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Pythagoras Revisited

In Euclidean geometry, one of the most well-known theorems is the Pythagorean theorem. It states that, in a right-angle triangle, the square of the hypotenuse is equal to the sum of the squares of the other two sides.
For a right triangle with hypotenuse c, and other sides a, b the equation states:
There are dozens of ways to prove the theorem, but a simple one is a geometric rearrangement.
Starting with a line of length a+b, we can make four copies of this to make a square.
Connecting the points a away from the corners makes another square, internally, with side c. This also forms four right-angle triangles.
This composition can be rearranged to make two rectangles of area ab and the square c2. The two configurations are the same total area. A little bit of algebra confirms the theorem.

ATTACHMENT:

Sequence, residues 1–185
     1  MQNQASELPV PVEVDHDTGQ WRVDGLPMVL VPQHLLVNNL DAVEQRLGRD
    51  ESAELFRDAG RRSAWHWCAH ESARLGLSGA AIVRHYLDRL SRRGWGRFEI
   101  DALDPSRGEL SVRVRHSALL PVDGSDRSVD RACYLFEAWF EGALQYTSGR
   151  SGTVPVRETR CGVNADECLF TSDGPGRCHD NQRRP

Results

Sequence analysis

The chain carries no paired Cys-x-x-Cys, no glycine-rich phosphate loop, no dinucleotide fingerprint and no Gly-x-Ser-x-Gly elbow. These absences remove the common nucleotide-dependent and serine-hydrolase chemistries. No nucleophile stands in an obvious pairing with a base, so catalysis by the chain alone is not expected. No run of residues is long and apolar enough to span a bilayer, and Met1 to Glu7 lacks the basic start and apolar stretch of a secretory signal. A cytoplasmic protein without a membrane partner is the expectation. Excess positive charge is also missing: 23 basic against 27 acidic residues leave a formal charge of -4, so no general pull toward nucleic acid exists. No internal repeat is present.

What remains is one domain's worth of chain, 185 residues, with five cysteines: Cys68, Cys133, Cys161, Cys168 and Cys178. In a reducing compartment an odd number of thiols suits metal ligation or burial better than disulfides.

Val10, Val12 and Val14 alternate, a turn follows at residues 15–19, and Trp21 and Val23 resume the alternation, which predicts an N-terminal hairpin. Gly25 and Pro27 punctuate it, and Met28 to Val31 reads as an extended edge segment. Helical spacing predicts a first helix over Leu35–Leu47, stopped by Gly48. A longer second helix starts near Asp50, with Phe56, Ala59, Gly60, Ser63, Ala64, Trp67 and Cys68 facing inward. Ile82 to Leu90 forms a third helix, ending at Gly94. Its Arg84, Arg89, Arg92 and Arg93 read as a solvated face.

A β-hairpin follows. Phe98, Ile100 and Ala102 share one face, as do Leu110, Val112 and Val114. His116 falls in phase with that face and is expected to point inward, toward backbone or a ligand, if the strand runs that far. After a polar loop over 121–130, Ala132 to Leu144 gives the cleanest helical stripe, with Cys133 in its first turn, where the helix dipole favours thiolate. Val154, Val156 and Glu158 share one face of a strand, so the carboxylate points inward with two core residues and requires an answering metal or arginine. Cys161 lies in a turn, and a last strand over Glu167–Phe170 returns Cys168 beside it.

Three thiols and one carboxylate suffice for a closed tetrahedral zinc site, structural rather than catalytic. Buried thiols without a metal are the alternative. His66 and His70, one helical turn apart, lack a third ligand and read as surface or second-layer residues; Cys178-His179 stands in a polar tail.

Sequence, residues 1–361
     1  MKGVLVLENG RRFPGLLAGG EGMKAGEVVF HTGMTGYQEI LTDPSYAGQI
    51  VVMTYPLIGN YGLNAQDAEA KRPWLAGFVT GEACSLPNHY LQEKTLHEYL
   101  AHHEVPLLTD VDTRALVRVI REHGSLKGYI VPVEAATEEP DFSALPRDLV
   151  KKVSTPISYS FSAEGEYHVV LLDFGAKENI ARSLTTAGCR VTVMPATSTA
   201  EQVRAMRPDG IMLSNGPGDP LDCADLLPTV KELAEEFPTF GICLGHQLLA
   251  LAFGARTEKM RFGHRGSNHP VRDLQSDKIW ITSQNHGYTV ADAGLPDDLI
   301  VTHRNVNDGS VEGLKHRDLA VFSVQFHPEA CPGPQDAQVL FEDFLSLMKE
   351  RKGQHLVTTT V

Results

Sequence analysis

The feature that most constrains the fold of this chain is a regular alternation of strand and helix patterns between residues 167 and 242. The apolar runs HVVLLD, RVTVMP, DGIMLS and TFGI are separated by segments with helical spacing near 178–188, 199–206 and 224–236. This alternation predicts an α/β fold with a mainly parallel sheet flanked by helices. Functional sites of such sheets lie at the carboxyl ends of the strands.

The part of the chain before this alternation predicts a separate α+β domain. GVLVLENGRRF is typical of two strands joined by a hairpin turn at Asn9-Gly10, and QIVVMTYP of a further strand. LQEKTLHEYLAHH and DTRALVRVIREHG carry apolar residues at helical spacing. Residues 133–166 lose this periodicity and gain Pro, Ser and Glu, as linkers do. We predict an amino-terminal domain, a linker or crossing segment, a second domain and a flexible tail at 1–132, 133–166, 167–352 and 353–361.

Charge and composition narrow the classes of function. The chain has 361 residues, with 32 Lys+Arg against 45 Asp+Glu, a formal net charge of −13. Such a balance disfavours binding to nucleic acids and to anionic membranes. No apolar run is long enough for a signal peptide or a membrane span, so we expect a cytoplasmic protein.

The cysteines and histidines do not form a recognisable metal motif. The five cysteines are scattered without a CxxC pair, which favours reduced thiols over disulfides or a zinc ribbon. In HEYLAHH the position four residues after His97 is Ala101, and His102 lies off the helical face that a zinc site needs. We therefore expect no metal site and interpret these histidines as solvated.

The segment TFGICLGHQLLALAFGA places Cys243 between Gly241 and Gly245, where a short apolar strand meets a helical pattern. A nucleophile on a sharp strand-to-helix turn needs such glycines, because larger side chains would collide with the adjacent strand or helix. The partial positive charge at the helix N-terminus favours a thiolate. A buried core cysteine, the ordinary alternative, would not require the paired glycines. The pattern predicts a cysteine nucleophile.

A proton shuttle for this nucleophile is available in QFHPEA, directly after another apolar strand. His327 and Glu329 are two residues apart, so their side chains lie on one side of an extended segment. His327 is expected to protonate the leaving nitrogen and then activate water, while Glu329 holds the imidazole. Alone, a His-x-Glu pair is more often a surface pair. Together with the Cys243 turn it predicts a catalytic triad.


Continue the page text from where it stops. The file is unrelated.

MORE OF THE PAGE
You've probably seen the formula represented graphically by placing squares on each edge of the triangle. As the area of each square is the edge length squared, there is a simple relationship between the areas of the squares.
There's even some fabulous physical demonstrations of this, as seen in this video:

Other Shapes

What might blow your mind is that it also works for Pentagons.
Or triangles …
Or any similar shape …


The answer is pretty simple. When you scale up any shape a linear dimension, its area scales up by the square of that change.
It seems obvious now, when you think about it, but the first time seen it is a surprise to many.
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